back to article Freesat eyes YouView USP for next-gen UI

Free-to-air satellite broadcasting platform Freesat is to YouView-ise its set-top boxes, based around a new UI that will debut in next-generation kit later this month. Like YouView, Freesat's new UI mixes upcoming programming and catch-up content into a single electronic programme guide (EPG). Alas, recordings - full DVR …

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I like the 'my recordings' UI

Is there something like that from one of the DTT box makers? My Humax, getting a bit long in the tooth, just strings a long list of each and everything... with eighty or ninety recordings, it gets a bit tedious trying to see if you're watching the one you think you are.

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MJI
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Re: I like the 'my recordings' UI

How did you get that many on it?

I think after 50 it gets rather full and that is BBC 1 hour shows, stick on longer stuff and even less can be stored.

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Is YouView inherently Freeview only then, not Freesat?

Certainly the only box was when I looked, but then there is very litle info on FreeSat on their website, I wondered whether it was dying a death.

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Re: Is YouView inherently Freeview only then, not Freesat?

YouView is neither. It's delivered over the internet.

Freeview is the trading name of the digital terrestrial television service in the UK, with broadcasts delivered via transmitters.

Freesat is the trading name of one of the digital satellite television services in the UK, with broadcasts delivered via satellite.

YouView is the trading name of one of the IPTV television services in the UK, with broadcasts delivered via the internet.

Each service has their own list of channels, most of which are available on more than one of these services.

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Re: Is YouView inherently Freeview only then, not Freesat?

What I meant was, are YouView boxes being only sold with DTT (Freeview, if you like) decoders as oppposed to with Digital Satelite (Freesat, if you like) decoders?

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Go

Re: Is YouView inherently Freeview only then, not Freesat?

Ah right,

YouView boxes currently contain DVB-T/T2 decoders so they can decode digital terrestrial television broadcasts (https://industry.youview.com/resources/YouView_Core_Technical_Specification_1.0.pdf).

Apparently (although might have to take this with a pinch of salt) eventually there'll be boxes that will come with DVB-S tuners, so being able to decode digital satellite television broadcasts.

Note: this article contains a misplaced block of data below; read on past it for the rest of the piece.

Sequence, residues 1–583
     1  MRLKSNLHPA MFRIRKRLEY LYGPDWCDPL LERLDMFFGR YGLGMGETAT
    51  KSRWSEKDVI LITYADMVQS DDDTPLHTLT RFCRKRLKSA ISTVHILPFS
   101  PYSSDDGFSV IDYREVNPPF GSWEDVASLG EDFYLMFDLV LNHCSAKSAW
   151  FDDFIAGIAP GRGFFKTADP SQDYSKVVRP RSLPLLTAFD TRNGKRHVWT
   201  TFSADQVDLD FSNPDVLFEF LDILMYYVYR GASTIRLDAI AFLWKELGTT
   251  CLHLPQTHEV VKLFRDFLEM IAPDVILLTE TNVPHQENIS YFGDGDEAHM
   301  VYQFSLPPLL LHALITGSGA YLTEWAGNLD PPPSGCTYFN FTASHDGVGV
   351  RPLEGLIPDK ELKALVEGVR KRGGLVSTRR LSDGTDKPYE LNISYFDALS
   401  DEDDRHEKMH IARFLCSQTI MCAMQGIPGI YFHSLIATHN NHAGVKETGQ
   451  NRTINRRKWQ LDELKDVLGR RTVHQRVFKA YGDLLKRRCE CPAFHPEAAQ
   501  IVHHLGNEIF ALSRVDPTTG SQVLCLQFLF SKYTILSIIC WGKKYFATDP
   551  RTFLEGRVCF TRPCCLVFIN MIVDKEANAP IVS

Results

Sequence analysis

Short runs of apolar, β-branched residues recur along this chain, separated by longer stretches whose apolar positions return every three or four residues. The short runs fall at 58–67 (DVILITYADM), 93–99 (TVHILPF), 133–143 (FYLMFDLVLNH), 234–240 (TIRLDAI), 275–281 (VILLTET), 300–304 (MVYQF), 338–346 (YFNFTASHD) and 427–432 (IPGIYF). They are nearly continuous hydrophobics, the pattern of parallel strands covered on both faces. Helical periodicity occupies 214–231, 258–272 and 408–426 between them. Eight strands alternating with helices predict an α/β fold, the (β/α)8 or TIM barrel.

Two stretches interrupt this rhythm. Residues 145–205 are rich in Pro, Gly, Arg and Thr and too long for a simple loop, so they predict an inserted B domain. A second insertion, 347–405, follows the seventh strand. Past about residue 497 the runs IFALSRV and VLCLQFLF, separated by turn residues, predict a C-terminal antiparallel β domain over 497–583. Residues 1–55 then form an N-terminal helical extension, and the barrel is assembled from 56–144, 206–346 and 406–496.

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slowly

Slowly the STB are catching up with the features available in XP MCE.

Just think what Media centre would be like now if Microsoft had done any development on it.

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Nice looking UI but very poor on using the available screen space, lots of blank space and very little information shown. Worse than the new Sky HD UI which doesn't allow the planner to show more information when the mini-tv is turned off.

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Wot? Not 4oD or Demand 5 on launch?

One to keep an eye on for the Christmas after next then.

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Price?

All they need to do now is turn them out for a reasonable price.

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Anonymous Coward

Re: Price?

Amazing what people's price expectations are for kit these days and they then complain when it only lasts a year. Humax stuff is reasonably well made in my experience, that costs money.

£279, interestingly, is exactly what I paid for a bottom-of-the-range Akai VHS recorder in 1994. A quick run through the inflation calculator tells me that is the equivalent of £450 in 2010 and probably close to £500 now.

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Re: Price?

An AppleTV costs £99, and Apple don't don't have a reputation for being cheap. I am aware that you can't watch broadcast TV on it, and you can't do much more than watch stuff you have bought off iTunes, but nevertheless, Apple do tend to set the price ceiling in the markets they operate in.

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Re: Price?

In a walled garden of content? Are you nuts? Apple TV is for iTunes devotees only. It has no selling point to anyone else. If you stop buying content from Apple, then Apple TV is useless. A bit different form YouView...

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Anonymous Coward

Re: Price?

@Afflicted.John

Errrr, Apple TV is *not* just for iTunes devotees - it's perfectly possible to use it without ever having purchased anything via iTunes.

You can very easily import your own content (both video & audio) into iTunes (the software) to stream it to the Apple TV.

If, like me, you've already got a head-less lappy (the screen broke) as a simple windows NAS for home use, then installing iTunes to just sit there and stream stuff is no-brainer.

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Re: Price?